The first time I heard “Grandma Got Run Over By A Reindeer,” I thought it was the best Christmas song ever—which makes sense, as I was about 7 years old at the time. It’s a song that’s perfectly targeted to little kids: With wacky lyrics about a little old lady being trampled by Santa, and the somewhat lackluster response from Grandpa, it’s the epitome of “novelty holiday song.” And with every repetition of the track since that initial hearing, one thing becomes clear: This song is annoying as fuck.
Written by Randy Brooks and recorded by the then-husband-and-wife duo of Elmo and Patsy Trigg Shropshire, it began as a goof, with Brooks playing it onstage with the pair during a performance at the Hyatt Lake Tahoe in 1979. (That the song began as a throwaway lark for some hotel lounge musicians should come as a surprise to no one.) Within a year, the Shropshires were selling 45s of the track from onstage, with a cover image of Brooks dressed up in drag as the titular matriarch. It slowly grew in popularity, as they re-recorded and reissued the single, until Epic Records finally bought the distribution rights, and the song became a permanent staple of holiday radio and Christmas jingle playlists. These are all easily searchable facts online that you could learn in a matter of minutes, but now you don’t have to, because I just did that for you. The less time anyone has to spend with this song, the better.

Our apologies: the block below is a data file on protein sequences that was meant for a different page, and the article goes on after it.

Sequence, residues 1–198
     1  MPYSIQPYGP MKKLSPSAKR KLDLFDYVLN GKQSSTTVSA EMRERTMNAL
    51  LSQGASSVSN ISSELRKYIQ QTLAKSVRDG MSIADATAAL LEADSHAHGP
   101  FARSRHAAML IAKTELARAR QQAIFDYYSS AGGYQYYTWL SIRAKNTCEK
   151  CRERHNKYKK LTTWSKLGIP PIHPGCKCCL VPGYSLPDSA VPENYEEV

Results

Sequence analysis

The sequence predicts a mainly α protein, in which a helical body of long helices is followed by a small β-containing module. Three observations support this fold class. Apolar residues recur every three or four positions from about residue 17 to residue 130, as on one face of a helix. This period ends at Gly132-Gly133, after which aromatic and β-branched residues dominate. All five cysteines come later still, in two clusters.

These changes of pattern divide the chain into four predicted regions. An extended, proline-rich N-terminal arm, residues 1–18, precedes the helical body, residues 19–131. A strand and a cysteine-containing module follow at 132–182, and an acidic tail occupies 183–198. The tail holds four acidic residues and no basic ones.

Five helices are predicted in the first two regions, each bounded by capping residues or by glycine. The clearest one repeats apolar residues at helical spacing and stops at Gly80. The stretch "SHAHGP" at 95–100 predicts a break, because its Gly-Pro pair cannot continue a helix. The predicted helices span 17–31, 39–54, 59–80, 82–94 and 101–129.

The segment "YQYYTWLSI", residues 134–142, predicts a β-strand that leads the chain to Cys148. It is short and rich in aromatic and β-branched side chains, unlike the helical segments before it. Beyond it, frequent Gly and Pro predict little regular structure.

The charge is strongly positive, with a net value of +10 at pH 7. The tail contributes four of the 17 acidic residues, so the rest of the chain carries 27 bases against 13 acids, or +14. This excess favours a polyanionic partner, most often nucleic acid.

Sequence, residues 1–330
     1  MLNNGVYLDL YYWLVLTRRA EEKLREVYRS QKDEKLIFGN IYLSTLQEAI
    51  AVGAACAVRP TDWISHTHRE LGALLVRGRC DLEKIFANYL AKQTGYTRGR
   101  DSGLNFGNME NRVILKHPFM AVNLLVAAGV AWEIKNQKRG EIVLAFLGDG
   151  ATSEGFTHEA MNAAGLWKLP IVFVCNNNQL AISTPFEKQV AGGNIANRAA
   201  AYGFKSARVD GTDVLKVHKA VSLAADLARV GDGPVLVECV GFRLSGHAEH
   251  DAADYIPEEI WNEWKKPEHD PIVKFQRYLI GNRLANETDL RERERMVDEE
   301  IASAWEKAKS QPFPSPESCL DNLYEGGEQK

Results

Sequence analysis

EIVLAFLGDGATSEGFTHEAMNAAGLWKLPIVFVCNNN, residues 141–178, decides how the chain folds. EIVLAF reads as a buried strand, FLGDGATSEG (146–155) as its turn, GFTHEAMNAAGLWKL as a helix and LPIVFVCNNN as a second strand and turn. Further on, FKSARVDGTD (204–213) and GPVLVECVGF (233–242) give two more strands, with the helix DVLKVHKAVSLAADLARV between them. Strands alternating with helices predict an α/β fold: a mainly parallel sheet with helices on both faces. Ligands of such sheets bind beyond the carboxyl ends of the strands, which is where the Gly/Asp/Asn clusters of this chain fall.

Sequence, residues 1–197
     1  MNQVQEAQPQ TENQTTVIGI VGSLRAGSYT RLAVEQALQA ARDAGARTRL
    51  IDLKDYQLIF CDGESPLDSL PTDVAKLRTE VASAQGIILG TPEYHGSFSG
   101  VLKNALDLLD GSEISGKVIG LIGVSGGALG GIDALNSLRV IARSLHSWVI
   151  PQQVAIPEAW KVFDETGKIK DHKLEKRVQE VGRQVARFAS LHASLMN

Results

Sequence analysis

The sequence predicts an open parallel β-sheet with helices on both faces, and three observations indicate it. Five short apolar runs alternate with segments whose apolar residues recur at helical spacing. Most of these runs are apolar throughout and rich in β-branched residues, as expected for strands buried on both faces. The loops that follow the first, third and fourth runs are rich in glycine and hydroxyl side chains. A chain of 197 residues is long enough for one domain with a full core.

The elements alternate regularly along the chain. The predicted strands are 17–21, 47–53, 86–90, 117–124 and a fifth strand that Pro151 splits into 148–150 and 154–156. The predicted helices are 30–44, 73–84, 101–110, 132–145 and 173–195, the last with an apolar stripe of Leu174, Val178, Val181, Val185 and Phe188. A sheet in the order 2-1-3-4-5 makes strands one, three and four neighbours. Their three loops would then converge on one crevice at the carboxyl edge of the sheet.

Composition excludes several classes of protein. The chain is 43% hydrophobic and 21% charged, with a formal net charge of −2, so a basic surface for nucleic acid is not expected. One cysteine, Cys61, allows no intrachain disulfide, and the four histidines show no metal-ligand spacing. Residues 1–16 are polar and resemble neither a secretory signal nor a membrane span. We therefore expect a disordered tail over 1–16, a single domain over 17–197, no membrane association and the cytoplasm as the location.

That’s the problem with novelty songs: Once the novelty is gone, there’s not much left. Tiny Tim’s version of “Tiptoe Through The Tulips” is pretty damn striking the first time you hear it, but after the initial play or two, it very quickly goes from quirkily endearing to nigh-unlistenable. Unless it also has the proper hook to transform it from novelty to earworm (See: “Monster Mash”), most songs of this ilk are best treated like bubble gum, in that they’re meant to be fleetingly enjoyed, then almost immediately disposed of. And by that metric, “Grandma Got Run Over By A Reindeer” has very little to recommend itself, once the shtick has made itself known. It’s not a very catchy tune, despite the nursery-rhyme level of difficulty, and even if it does manage to get lodged in your head, it’s nothing a quick spin of “Shake It Off” won’t cure.
And thank God for that, because every Christmas, avoiding this track becomes my personal Mission: Impossible quest. I have a soft spot for holiday tunes in general, and the chance to revel in some syrupy sentimentality during December is always a welcome one. But more and more, I find myself building these playlists in advance, and avoiding any non-prescreened radio or Spotify stations, for fear of stumbling upon this monstrous and ill-conceived creation. Elmo and Patsy got divorced in 1985—hopefully triggered by “Grandma”-related shame—but their inhuman offspring lives on.